It was a quite a day on Wall Street as the Dow Jones Industrial Average closed above 22,000 for the first time.
The exact catalysts aren't clear, but for Facebook, a holding in Jim Cramer's Action Alerts Charitable Trust, they could include new rumors that the company may be delving further into hardware with a new video chat device. While Facebook's moves into hardware haven't quite panned out for the social media company -- check Oculus prices and that hefty write-down -- Facebook's massive network of data, and people, for that matter, could give the company a leg up in the home assistant space, which is currently dominated by Amazon.com Inc. (AMZN) and Alphabet -- and will soon include Apple Inc. (AAPL) .
Another large cap that likely should have been in focus today but wasn't in the blizzard of earnings is Verizon Communications Inc. (VZ) , which announced late Tuesday that it would acquire a wireless network in Chicago from WideOpenWest Inc.'s (WOW) for $225 million. The deal builds on Verizon's agressive acquisition push in 2017, and while not as flashy as some targets that have been thrown around, such as Walt Disney Co. (DIS) or Twitter Inc. (TWTR) , the deal helps Verizon build its infrastructure toward developing a 5G network.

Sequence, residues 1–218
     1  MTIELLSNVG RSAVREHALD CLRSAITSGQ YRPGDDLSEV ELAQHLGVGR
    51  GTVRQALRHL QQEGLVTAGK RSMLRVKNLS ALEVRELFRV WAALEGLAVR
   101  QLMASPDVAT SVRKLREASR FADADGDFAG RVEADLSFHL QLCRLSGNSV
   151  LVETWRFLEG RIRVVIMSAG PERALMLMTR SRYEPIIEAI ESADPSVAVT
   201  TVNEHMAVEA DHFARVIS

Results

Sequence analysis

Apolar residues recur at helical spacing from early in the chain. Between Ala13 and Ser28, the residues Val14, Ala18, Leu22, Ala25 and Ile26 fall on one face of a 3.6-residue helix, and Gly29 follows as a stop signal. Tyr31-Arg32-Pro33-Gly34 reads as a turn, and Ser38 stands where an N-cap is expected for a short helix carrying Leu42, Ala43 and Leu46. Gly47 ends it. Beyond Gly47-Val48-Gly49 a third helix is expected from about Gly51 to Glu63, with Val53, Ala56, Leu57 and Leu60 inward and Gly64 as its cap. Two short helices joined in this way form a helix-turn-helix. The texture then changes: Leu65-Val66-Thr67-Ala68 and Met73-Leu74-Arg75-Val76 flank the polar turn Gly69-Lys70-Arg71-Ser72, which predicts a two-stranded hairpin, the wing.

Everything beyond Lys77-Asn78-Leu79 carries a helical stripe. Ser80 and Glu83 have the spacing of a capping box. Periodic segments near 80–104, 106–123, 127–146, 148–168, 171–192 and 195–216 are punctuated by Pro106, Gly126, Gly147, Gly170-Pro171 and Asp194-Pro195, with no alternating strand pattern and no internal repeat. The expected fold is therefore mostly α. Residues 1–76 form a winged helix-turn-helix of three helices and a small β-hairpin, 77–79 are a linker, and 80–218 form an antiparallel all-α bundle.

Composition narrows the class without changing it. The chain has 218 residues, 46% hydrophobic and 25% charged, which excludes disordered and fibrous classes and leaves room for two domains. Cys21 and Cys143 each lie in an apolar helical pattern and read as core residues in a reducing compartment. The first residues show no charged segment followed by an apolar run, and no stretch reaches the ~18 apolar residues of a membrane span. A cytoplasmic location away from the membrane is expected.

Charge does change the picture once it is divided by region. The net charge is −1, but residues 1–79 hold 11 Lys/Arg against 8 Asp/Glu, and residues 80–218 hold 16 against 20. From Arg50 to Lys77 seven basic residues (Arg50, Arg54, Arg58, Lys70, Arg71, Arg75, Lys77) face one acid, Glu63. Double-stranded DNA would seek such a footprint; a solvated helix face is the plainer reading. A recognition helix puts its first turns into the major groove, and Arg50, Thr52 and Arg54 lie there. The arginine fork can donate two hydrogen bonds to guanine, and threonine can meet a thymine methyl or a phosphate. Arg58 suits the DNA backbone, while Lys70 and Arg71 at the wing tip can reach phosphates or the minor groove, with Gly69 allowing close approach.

For WideOpenWest, a company that made its public debut earlier this year, the deal could signal that the company is on the prowl for acquisitions.
And fine, I can't leave here without at least mentioning Apple and its blowout quarter. But while Wall Street was focused on the revenue drivers and fundamentals, TheStreet delved into the people-centric aspect of the story. Our verdict: Tim Cook is no Steve Jobs, but that's really OK from an investor standpoint.
One more note on Apple, as the company's strong earnings helped buoy many of its suppliers including Qorvo Inc. (QRVO) . While that company is up about 20% year-to-date and there was a strong rally in the first half of 2017, prices have weakened the past two months. Our technical analyst Bruce Kamich writes that "a close below $64 could open the way for a deeper decline to $56 or so."